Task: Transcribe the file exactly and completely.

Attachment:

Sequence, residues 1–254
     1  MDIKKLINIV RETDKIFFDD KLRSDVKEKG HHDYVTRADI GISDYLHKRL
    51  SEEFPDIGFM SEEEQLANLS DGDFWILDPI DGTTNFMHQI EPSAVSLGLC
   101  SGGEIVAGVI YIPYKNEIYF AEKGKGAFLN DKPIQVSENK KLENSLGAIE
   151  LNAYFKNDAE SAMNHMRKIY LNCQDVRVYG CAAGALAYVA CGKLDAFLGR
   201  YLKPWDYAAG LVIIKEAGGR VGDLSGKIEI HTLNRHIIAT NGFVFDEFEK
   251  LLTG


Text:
Sequence, residues 1–254
     1  MDIKKLINIV RETDKIFFDD KLRSDVKEKG HHDYVTRADI GISDYLHKRL
    51  SEEFPDIGFM SEEEQLANLS DGDFWILDPI DGTTNFMHQI EPSAVSLGLC
   101  SGGEIVAGVI YIPYKNEIYF AEKGKGAFLN DKPIQVSENK KLENSLGAIE
   151  LNAYFKNDAE SAMNHMRKIY LNCQDVRVYG CAAGALAYVA CGKLDAFLGR
   201  YLKPWDYAAG LVIIKEAGGR VGDLSGKIEI HTLNRHIIAT NGFVFDEFEK
   251  LLTG